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HomeWorldWhy December 10 belies hopes for Bangladesh's Islamist Opposition

Why December 10 belies hopes for Bangladesh's Islamist Opposition

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Why December 10 belies hopes for Bangladesh's Islamist Opposition
Read Time:8 Minute, 50 Second


By Sahidul Hasan Khokon: Plans for turning a proposed central rally in Dhaka on December 10 have failed to provide expected dividends to the Opposition Bangladesh Nationalist Party (BNP) and their Islamist allies. The BNP leaders had said they would use the rally to announce a “government from the streets” to oust the Awami League government with a record turnout.

But the turnout at the rally was poor — as drone footage by television channels exposed empty spaces with the venue of the rally pouring cold water into the BNP top brass’s tall boast of drawing a million people to the rally.

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“When compared with PM Sheikh Hasina’s recent rallies in the port city of Chittagong or the seaside resort town of Cox’s Bazar, this BNP rally in Dhaka was a very poor one,” said a top police official.

While the BNP had said it would launch a nationwide agitation from the Dhaka rally, they ended up just announcing the resignation of their lawmakers in Parliament.

All seven of the BNP’s representatives in parliament are quitting their roles as lawmakers. The MPs, Md Zahidur Rahman, Md Mosharof Hosen, Gulam Mohammad Siraj, Md Aminul Islam, Md Harunur Rashid, Abdus Sattar Bhuiyan and Rumeen Farhana, have sent their resignation letters on acting party chief Tarique Rahman’s orders.

Just like its previous claims, the party’s top brass announced plans to go ahead with their movement to unseat their rival Sheikh Hasina government in Bangladesh.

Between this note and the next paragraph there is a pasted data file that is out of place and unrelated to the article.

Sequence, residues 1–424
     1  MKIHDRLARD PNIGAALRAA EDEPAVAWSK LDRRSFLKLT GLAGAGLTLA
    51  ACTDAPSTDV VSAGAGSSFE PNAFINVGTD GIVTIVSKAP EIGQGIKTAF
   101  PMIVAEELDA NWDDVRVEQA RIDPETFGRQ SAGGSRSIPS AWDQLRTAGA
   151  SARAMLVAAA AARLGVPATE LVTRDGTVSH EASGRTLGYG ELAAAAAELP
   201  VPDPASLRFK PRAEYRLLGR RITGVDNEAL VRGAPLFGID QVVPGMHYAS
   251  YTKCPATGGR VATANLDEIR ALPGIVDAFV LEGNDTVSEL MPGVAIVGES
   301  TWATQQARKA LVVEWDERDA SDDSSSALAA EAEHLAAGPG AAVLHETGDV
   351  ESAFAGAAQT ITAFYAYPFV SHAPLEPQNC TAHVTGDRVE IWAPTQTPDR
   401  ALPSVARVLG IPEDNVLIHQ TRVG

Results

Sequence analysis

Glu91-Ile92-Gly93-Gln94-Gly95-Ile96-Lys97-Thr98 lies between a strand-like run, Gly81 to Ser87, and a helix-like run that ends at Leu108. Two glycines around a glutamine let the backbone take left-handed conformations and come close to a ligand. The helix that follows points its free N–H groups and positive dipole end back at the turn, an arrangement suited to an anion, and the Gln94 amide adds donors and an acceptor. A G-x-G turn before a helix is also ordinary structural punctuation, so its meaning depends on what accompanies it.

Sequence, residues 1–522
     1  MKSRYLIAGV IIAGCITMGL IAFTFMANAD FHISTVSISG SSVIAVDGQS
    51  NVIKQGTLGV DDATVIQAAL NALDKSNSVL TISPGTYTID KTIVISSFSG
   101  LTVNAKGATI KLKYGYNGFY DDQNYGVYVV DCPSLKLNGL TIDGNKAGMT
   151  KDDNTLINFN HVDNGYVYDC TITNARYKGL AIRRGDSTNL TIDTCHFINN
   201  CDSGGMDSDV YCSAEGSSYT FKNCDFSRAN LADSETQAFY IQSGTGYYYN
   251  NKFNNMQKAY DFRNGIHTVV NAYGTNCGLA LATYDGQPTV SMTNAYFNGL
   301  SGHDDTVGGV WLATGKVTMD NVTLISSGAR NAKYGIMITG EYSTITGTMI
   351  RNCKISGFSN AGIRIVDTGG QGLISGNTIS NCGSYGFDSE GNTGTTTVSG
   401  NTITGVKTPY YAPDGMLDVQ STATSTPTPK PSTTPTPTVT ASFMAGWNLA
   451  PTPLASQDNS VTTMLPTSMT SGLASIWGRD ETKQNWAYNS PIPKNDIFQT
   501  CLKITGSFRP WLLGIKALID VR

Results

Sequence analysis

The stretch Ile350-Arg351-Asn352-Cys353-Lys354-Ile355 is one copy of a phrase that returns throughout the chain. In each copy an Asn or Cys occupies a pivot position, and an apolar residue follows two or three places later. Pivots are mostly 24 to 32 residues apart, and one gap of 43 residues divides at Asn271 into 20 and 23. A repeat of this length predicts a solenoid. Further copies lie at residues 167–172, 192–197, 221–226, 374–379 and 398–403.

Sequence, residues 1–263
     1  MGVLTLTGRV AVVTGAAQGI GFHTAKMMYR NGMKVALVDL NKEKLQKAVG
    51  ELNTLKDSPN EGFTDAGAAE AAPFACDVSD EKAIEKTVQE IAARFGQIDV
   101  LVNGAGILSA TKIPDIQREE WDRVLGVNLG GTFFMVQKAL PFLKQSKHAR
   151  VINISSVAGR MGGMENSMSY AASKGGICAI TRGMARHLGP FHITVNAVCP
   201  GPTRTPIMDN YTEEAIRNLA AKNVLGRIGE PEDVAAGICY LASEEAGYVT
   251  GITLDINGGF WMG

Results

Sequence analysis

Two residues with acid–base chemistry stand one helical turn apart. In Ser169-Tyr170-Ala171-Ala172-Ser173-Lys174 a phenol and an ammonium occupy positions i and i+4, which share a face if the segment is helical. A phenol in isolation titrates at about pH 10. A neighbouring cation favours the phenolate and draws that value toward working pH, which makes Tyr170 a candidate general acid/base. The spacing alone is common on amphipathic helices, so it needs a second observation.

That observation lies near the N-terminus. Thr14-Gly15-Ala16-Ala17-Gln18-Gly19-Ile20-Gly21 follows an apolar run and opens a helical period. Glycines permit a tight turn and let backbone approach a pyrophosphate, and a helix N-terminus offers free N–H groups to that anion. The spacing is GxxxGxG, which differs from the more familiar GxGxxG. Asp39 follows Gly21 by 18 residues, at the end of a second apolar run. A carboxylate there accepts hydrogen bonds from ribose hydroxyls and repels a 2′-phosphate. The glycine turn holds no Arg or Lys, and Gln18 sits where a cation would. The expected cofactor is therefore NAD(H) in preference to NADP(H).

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BNP has announced 10-point demands, including the resignation of the ruling government and the dissolution of the current national parliament.

BNP Standing Committee member Khandaker Mosharraf Hossain announced the points from the BNP’s Dhaka divisional mass meeting at Golapbag Ground in Dhaka.

Hossain said all the points has been decided after discussing with BNP’s ally parties and all affiliated organisation of the party.

BNP’s 10-POINT DEMANDS

1. Resignation of the ruling government by dissolving the current national parliament.

2. Formation of a neutral caretaker government/interim caretaker government in line with sections Kha, Ga and Gha of article 58 of the constitution that was in place in 1996.

3. The caretaker government must form a neutral Election Commission that will ensure a level-playing field for all parties, the use of EVMs and party symbols in local government elections will be annulled.

4. Convictions of all the opposition leaders and activists, including Khaleda Zia, journalists and religious scholars will have to be scrapped and all “false cases” filed against them should be withdrawn, freedom of speech should be ensured, autocratically arresting opposition party leader and activists should be abolished.

5. All the black laws, including the Digital Security Act, 2018, Anti-Terrorism Act, 2009 and the Special Powers Act, 1974 must be revoked.

6. The anti-people decisions to increase the price of public services, including electricity, energy, gas and water need to be cancelled.

7. Bringing the price of essential commodities within the affordability of general people and de-syndicate the market of essential commodities.

8. All the victims of enforced disappearances in the last 15 years should be rescued and those responsible for extrajudicial killings must be identified and punished.

9. A commission must be formed to identify the corruption in banking and energy sectors and share market in the last 15 years.